As a Martian, she is capable of changing shape constantly and can look like almost anyone. That also includes transforming into alien creatures and shifting her body about to slide between door cracks. The animation allows it to be done smoothly and in a believable manner. The fact is, between the two shapeshifters, Martian has it all over Beast Boy to be a one-woman super-team.


The Titans are, to say the least, a troubled group. Robin has a major attitude and chip on his shoulder, and can be brutal in fights. Starfire has no memory of her past and is barely able to contain her powers. Raven likewise doesn’t understand her own abilities and inner darkness. Beast Boy seems put together with his joking, but it’s really a cover for dealing with not being fully human. Yet somehow, this quartet is able to bond together as a group of friends. They recognize their issues and how working together is better than being apart.

While still learning from each other, the team are working through their various issues from Robin learning to trust to Kory discovering who she is.  There's also newbie heroes Hawk and Dove learning to trust one another as a team. The first season ends with the team having a new understanding of themselves and season 2 can build on how friendship aids in overcoming your personal issues.


The first season of Young Justice is dominated by the behind the scenes manipulations of the Light, a mysterious organization. For all intents and purposes, the Light are the Legion of Doom, an alliance of the darkest villains in the DCU. Vandal Savage, Lex Luthor, Ra’s al Guhl, Deathstroke, Queen Bee, Klarion, the Ultra-Humanite, and more make up the Light (which is a truly ironic name given all their darkness).

As you’d expect, an alliance of evil masterminds has undergone shifts thanks to back-stabbing and grabs for power, but they’re determined to control the world. It builds up to an alien alliance that turns the Justice League into their slaves. The YJ team were able to stop them, although the Light would make a return. Even then, being able to defeat a Legion even the JLA couldn’t stop was a major feather in YJ’s cap.


Trigon the Terrible is a force feared throughout the dimensional planes. A monstrous demon, he has laid waste to countless worlds and the very mention of his name terrifies the most powerful sorcerers. In the first season of Titans, Trigon is spreading his evil behind the scenes, appearing as a human avatar with the boast that the sight of his true form would be too much for a mortal mind to take. The team have to handle Trigon trying to breach a way to Earth by using his daughter Raven.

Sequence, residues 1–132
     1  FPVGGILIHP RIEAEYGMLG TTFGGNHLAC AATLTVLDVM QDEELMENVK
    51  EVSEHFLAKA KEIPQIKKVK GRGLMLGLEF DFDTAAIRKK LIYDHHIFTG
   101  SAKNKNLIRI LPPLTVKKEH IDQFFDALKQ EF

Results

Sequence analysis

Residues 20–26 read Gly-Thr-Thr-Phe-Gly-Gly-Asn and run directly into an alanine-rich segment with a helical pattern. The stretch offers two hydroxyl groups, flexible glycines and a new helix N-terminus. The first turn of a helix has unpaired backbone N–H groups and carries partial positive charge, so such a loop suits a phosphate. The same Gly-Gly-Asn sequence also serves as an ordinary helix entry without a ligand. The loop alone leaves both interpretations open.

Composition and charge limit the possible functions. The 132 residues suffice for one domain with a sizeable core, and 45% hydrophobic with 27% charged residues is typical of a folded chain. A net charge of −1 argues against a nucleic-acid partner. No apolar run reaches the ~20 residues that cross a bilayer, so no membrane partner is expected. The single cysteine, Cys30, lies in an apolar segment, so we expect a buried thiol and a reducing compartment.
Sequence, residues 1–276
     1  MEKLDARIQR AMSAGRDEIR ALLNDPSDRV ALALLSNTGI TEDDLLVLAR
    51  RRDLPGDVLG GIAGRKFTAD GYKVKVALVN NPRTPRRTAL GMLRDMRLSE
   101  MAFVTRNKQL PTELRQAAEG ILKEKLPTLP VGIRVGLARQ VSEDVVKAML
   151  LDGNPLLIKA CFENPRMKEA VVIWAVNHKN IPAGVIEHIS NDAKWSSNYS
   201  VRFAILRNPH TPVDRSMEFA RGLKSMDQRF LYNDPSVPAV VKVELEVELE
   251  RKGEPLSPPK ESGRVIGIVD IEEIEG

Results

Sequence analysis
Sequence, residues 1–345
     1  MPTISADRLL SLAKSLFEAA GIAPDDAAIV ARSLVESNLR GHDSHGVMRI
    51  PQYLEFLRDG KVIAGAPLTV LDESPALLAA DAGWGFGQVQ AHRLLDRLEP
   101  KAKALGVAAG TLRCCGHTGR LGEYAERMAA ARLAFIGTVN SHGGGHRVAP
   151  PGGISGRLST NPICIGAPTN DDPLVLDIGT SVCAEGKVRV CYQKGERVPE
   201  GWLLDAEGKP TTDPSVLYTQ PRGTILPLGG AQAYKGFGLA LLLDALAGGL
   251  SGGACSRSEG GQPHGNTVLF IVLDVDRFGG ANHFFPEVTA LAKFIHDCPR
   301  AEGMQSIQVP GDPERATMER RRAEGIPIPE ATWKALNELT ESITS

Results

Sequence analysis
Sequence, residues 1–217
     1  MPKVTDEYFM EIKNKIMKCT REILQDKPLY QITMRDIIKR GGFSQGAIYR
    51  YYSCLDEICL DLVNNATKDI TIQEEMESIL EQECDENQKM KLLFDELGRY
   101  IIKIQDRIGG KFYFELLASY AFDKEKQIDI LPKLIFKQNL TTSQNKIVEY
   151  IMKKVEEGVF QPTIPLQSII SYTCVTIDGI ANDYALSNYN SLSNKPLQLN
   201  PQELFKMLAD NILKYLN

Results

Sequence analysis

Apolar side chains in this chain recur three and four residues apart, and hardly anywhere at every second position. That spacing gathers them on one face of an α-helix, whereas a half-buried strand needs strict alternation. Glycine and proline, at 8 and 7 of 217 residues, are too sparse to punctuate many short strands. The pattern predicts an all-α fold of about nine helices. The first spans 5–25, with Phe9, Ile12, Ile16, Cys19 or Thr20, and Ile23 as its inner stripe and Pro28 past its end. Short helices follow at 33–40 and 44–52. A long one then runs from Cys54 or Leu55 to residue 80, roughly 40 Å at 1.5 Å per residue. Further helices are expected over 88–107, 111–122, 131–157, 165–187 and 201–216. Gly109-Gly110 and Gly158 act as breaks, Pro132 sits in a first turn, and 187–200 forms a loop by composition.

This includes putting Robin through a nightmarish future where he becomes a villain to tempt him into darkness. While the team faced him down, Trigon is ready to continue his evil work. Yet the fact the team were able to slow him down is an achievement in itself given how few have been able to stop this creature.


Young Justice season 3 return

Young Justice started off as just a small band of sidekicks. As the series has gone on, the team has expanded majorly to add numerous members. At first, it was just Robin, Aqualad, Kid Flash, Superboy, Miss Martian, and Artemis. They’ve since added Speedy, Aquagirl, Blue Beetle, Beast Boy/Changeling, Bumblebee, Guardian, Wonder Girl, Impulse, Tempest, Static, and more. The team is almost like an academy where teen heroes can learn from each other and welcome new members easily.

The creation of the Outsiders just adds to that power as we now have the experienced team members being the mentors to the rookies. Indeed, YJ’s membership is soon threatening the JLA’s with so many joining up. Which means that a full-scale YJ team has the numbers to take down almost any threat.


It’s been noted that while Titans exists in a version of the DC Universe, there haven’t been any of the big-name heroes seen. Batman is mentioned, but not shown (except in a shadowy form in a nightmarish future,) and Wonder Woman and Superman get passing mentions. This leads to a key part of the show where, while things get more dangerous, the team wonders if they’re in over their heads.

However, rather than putting in a call to some more experienced heroes, the Titans decide to handle matters on their own. They want to prove they can do it while also thinking other heroes can make the situation even worse. That they end up winning proves their instincts right. The Titans are ready to stand on their own and show they don’t need the aid of the “big guns” to save the day.


Impulse and Kid Flash in Young Justice Episode Bloodlines